Hybrid infrastructure deployments are projected to become more frequent over the next five years as many companies reach a point where cost-saving is a must and entry barriers continue to fall. Hybrid will become the dominant go-to solution as managed-services APIs of cloud vendors become more user-friendly.
The benefits of cloud computing was clear when it first became widely available – unlimited capacity, ease of use, flexible pricing and availability. Businesses no longer had to worry about capacity planning or the time-consuming and costly process of establishing data centers. Cloud vendors allowed businesses to focus on their core business and products rather than setting up and maintaining expensive infrastructure, allowing them to scale at an unprecedented rate.
However, as the expenses of completely relying on the cloud rose over time, other issues came to the fore. One of them was overprovisioning of cloud resources. Budget-conscious executives naturally evaluated the hefty sums allocated to cloud expenditure and began asking whether all that money was delivering sufficient ROI when new companies got off the ground and looked to begin achieving profitability.
As businesses worldwide began to prioritize lowering infrastructure costs, many began to consider the benefits of a hybrid model. This strategy, which combines on-premises infrastructure with cloud-based scaling for peak traffic, is poised to find the ideal balance.
While it’s tempting to think of hybrid deployment as the best of both worlds — the flexibility to run on-premises infrastructure while also taking advantage of cloud resources — and that it’s a simple decision to make, it comes with its own set of challenges.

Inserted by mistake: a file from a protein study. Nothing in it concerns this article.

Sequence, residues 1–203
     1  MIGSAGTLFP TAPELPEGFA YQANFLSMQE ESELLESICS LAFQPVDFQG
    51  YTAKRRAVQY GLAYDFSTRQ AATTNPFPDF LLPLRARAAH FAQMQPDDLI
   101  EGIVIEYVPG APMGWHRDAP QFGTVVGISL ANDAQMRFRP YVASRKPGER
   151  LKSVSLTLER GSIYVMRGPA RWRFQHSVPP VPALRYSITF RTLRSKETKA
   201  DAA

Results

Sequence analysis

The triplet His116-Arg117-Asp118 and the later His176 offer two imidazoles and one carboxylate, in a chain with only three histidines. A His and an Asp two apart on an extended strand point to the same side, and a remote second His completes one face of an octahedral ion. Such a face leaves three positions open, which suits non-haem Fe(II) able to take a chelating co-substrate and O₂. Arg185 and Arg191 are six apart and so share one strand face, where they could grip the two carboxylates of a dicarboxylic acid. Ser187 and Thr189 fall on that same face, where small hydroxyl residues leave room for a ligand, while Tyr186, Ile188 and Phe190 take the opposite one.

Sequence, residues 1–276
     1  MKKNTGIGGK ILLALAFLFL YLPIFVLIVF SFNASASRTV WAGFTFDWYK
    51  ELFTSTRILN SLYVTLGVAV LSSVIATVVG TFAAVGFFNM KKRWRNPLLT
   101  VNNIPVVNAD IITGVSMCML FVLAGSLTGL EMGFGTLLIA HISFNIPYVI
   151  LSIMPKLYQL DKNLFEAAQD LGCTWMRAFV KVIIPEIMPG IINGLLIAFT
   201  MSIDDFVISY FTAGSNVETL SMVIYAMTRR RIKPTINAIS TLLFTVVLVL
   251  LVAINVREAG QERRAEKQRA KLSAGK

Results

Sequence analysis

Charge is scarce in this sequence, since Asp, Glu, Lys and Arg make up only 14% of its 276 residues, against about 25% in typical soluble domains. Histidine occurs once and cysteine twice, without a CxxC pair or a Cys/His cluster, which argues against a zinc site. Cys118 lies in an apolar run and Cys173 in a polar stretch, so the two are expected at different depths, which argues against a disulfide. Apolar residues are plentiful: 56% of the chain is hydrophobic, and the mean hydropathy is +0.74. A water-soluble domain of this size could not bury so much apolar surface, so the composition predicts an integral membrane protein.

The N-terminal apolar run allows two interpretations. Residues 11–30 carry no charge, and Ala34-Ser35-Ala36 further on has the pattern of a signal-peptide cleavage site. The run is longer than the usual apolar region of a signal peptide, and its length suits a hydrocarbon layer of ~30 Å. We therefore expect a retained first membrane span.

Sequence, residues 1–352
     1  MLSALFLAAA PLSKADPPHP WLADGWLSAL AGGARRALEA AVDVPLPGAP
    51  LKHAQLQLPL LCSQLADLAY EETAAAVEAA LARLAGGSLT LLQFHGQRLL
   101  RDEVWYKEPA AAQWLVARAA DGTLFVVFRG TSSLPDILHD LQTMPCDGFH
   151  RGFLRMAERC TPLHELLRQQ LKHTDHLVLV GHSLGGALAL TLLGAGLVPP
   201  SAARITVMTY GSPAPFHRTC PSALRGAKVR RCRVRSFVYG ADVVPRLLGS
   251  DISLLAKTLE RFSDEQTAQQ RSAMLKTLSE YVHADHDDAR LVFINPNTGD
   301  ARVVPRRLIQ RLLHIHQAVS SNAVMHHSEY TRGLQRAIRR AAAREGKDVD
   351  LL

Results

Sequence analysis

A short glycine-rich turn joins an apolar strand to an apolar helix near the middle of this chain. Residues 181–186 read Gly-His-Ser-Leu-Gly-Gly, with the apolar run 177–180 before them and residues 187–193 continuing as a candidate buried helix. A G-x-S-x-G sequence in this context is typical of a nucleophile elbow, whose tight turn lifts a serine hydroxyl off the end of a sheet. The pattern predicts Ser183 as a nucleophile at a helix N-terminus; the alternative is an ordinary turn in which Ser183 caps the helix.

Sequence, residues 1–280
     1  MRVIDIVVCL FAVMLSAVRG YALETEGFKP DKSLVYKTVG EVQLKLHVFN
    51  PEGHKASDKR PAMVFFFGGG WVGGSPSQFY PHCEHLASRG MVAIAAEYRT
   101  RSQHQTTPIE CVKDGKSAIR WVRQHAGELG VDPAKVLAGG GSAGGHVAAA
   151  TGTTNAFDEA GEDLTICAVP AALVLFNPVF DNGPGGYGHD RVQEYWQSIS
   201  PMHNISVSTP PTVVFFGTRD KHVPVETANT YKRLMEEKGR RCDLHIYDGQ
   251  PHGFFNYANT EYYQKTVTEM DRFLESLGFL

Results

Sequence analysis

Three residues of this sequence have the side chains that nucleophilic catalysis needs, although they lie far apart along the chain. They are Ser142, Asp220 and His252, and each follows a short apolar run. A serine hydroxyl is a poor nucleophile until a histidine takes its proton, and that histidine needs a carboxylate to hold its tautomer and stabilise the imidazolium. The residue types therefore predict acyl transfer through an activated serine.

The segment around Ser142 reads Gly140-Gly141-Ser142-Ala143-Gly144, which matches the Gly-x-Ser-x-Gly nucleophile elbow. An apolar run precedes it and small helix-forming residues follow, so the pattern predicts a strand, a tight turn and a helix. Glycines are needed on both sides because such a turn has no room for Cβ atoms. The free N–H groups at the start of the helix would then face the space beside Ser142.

Here are some key factors to consider before implementing a hybrid strategy:
Establish a strategy and set goals
Although not every company needs to bring its computing infrastructure in-house, those that have identified cost reduction and margin growth as strategic goals should consider it. Similarly, businesses that are less concerned with their margins right now and instead want to scale and quickly expand their market share can safely stay in the cloud to keep a higher level of flexibility.
Prepare for the reality of on-premises maintenance
A hybrid strategy involves returning to some of the difficulties of on-premise infrastructure and management that businesses abandoned when they moved to the cloud. These obstacles should not prohibit a company from adopting hybrid, but they do necessitate a well-thought-out on-premises strategy. Staff that can manage data centers, procure servers, and so on are crucial. Organizations returning to on-prem after only a year or two of being away will have a distinct advantage. Organizations that are cloud-native will be beginning from scratch on this path and will benefit from bringing in professional who are familiar with self-managed infrastructure.
Recognize and re-evaluate the triggers on a regular basis
Planning for the usage threshold at which organizations scale their application out to the cloud is crucial to a hybrid approach. This demands accurate capacity forecasting. A basic rule of thumb is to plan on-premises for average traffic rather than peak, and scale out to the cloud when traffic spikes.
Consider the lock-in scenario
It may sound contradictory, but employing the cloud to serve surplus demand on top of data centers has its own set of benefits. The managed services solutions of major cloud vendors for running in data centers scale-out only to their own clouds, rather than allowing customers to mix and match data center and cloud vendors. The hybrid vendor options are the same as the pure-cloud vendor options. Businesses should think about whether they can be bound to a specific API and the size of the ecosystem. They need to determine which features are most important to their company, as some are only offered by specific providers.
Let location be the guiding factor
Faster 5G speeds for customers may lessen the need for businesses to maintain complex regional service networks. However, the value obtained from doing so is dependent on the user base as well as the timeline for 5G deployment. A dispersed customer base may require multi-regional power, which the cloud is best positioned to deliver, and 5G’s yet-to-be-implemented rollout means uncertainty abounds – and will for several years.